Ludwigshafen, Germany – BASF will start up TDI in Ludwigshafen in the coming months, said the company’s CEO, Kurt Bock, at its annual results press conference. The plant is scheduled to increase production in March and April, but Bock declined to give a date for full capacity to be achieved.
‘We are in the midst of replacing the reactor, the spare reactor which we have put into operation in Ludgwgshafen, last year. Now, we are putting in the new one. That is happening as we speak. That should bring BASF capacity up again,’ Bock said.
‘TDI Ludwigshafen has been a challenge,’ he continued. ‘Sometimes [it has been] from a completely unexpected angle like the rector going belly-up last year, despite all the testing. I think the team has done tremendous work to overcome these challenges.’
The 300 kT/year plant’s construction was delayed by a year, and then opened in 2015.
‘Frankly, I cannot see that we have lost any market share, quite to the contrary. Or that our margins are less than our competitors in that business,’ he added. ‘We just started up an MDI plant in Shanghai [Caojing, a jv with Huntsman] that is on time, and it’s producing.’
Looking into 2018, he said, ‘I expect that there will continue to be healthy demand and utilisation rates will come down a bit. We will have to see what kind of influences that has on pricing.’
Bock added that pricing also reflects production issues at a couple of competitors. ‘The supply-demand balance is tight overall for a couple of reasons,’ he said. ‘There is good underlying demand. There are external factors… In Louisiana, for example, we had freezing temperatures. This is not supposed to happen. We had a supply issue from an external supplier, so we had to reduce capacity utilisation at some of our plants. This is unforeseeable.’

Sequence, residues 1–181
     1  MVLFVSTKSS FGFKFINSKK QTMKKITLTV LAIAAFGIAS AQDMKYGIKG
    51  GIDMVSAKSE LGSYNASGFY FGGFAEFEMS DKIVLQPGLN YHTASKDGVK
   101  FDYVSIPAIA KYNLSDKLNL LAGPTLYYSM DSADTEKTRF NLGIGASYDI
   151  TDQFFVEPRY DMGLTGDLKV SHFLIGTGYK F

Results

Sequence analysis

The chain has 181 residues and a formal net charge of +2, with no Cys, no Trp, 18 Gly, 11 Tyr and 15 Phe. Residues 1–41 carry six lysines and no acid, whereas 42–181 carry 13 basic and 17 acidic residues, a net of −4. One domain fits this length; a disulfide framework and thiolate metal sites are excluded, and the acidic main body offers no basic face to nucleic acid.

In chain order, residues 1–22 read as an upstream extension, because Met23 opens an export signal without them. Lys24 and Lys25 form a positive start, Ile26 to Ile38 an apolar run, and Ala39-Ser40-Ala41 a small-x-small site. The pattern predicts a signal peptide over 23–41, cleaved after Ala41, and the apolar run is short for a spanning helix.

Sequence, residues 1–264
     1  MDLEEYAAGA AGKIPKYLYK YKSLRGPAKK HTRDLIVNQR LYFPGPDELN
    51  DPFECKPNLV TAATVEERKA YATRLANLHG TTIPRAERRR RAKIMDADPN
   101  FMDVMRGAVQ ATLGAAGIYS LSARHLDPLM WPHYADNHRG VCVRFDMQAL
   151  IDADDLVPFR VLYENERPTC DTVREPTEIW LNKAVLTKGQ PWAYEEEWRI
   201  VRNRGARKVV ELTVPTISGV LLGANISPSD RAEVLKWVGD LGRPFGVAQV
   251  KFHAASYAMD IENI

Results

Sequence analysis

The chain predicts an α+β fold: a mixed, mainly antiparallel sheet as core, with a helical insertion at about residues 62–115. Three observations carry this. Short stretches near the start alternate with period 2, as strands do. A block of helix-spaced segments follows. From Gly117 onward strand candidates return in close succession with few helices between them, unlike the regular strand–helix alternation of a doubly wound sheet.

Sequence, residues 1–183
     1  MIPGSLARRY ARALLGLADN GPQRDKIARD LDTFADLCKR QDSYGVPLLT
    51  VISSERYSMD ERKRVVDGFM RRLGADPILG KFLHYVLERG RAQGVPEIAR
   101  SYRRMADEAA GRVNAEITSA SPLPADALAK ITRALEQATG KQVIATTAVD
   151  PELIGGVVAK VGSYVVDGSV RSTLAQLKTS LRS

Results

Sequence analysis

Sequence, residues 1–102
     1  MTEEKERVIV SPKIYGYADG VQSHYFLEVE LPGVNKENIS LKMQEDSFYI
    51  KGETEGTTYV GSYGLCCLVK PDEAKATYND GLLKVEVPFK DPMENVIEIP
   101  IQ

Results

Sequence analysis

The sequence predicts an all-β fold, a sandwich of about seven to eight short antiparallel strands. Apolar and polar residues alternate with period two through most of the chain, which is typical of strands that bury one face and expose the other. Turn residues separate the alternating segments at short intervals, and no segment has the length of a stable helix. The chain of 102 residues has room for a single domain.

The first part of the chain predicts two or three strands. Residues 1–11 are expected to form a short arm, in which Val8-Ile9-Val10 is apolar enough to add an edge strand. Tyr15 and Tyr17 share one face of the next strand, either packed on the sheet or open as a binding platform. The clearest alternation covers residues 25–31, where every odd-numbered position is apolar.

Turning to the supply of off-spec TDI to the European market in the third quarter of 2017, Bock said: ‘We are in discussions with direct and indirect customers about how to solve the problems.’ The supply caused production interruptions at a number of companies. Recticel specifically mentioned the supply problem as reducing margins in its mattress division in its annual results.
‘It is important that we demonstrated that the product was not on spec, and that the dichlorobenzene had no negative impact on properties or safety of the product,’ he added.